Little District That Could

With 10 operators to serve 12,000 accounts, an award-winning South Carolina district succeeds with cross-training, advancement opportunities, and high morale
Little District That Could
Rasco updates the safety chart displayed prominently in the Powdersville offices. Safety is a high priority for the district’s entire team.

Interested in Filtration?

Get Filtration articles, news and videos right in your inbox! Sign up now.

Filtration + Get Alerts

Powdersville Water District superintendent Chris Rasco easily sums up the philosophy that has won excellence awards for the district and its employees.

“We’re in business to provide safe, potable water service to our customers,” he says. “We take pride in what we do, and we understand that we hold the lives of our community in our hands.”

Twenty-one staff members, just 10 in the operations division, serve 12,000 customer accounts in this rapidly growing South Carolina district. Powdersville succeeds with a strong work ethic, a desire to be the best, and a training budget that promotes employee development. “We consider our employees to be our number one asset and a key to our overall success,” says Rasco.


Purchased water

Powdersville is in the northwest corner of the state, in a protected watershed in the Appalachian Mountains. Formed in 1971, the district purchases drinking water from the Anderson Regional Joint Water System (ARJWS), Easley Combined Utilities and Greenville Water.

All three providers treat the water with conventional filtration: coagulation, sedimentation, filtration and disinfection. The Powdersville District collects bacterio-logical samples throughout the system, analyzes the samples in a private certified laboratory and routinely provides water-quality reports to its customers.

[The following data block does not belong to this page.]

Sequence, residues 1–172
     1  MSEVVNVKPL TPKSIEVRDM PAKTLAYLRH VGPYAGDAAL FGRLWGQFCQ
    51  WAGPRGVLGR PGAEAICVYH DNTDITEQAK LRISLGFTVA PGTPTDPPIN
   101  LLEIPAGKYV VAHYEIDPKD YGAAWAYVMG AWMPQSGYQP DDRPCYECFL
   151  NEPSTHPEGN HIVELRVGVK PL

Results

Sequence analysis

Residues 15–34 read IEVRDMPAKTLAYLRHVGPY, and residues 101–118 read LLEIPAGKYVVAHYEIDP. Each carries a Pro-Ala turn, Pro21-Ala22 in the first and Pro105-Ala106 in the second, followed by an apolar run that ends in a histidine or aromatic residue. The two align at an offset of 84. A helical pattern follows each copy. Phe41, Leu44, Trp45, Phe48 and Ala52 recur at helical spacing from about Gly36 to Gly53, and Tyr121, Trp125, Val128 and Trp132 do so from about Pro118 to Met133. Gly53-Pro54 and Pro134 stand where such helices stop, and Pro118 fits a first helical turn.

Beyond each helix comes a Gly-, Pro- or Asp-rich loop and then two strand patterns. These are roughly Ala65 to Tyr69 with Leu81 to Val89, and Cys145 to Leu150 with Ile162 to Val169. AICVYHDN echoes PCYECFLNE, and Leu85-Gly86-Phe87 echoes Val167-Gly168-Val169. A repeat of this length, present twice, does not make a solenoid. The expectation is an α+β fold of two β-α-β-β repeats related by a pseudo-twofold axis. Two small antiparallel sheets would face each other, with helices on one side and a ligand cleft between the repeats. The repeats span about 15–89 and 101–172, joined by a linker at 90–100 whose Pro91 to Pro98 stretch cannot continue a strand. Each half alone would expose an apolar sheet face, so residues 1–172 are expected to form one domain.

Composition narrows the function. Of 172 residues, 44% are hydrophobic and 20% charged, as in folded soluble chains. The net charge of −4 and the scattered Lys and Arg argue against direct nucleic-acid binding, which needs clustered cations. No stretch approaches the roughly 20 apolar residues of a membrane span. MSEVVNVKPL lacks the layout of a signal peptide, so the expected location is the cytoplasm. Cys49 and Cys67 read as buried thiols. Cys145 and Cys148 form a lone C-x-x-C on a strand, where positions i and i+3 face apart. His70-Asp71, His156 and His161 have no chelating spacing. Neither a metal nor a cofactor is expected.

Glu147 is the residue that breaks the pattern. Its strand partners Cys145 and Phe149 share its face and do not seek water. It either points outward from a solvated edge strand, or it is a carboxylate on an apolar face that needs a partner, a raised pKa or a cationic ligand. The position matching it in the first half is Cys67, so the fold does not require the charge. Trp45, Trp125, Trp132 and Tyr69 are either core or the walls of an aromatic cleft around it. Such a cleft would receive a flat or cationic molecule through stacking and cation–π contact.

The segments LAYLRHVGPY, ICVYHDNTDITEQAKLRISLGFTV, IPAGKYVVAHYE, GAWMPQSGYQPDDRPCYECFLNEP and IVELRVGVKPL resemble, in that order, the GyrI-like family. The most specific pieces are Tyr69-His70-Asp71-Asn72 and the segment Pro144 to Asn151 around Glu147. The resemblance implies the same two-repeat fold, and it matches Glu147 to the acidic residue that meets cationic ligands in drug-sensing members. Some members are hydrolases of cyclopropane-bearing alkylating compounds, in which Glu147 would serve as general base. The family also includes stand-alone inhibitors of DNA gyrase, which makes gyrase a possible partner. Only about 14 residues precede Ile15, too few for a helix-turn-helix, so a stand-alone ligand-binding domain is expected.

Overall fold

The district’s operations and customer service divisions serve a total of 35,000 people. Distribution operators are responsible for a 410-mile pipe network that spans portions of Anderson and Pickens Counties.


Varied workload

Besides superintendent Rasco, the operations staff includes assistant superintendent Donnie Nabors, compliance specialist Justin Clemones, Class D operators Stan Johnson, Brannon Bridges and J’Tem Bush, operator trainees Levi Owens and Paul Richardson, and meter technicians/operators Todd Dennis, BJ Alexander and Chris White.

The operators work a 40-hour week with 24-hour on-call rotation. On a typical day, Rasco holds a morning department meeting to discuss any customer calls or emergencies that came in overnight, any work that needs follow up and the day’s schedule. He also provides a routine safety reminder. Operators are then deployed throughout the system.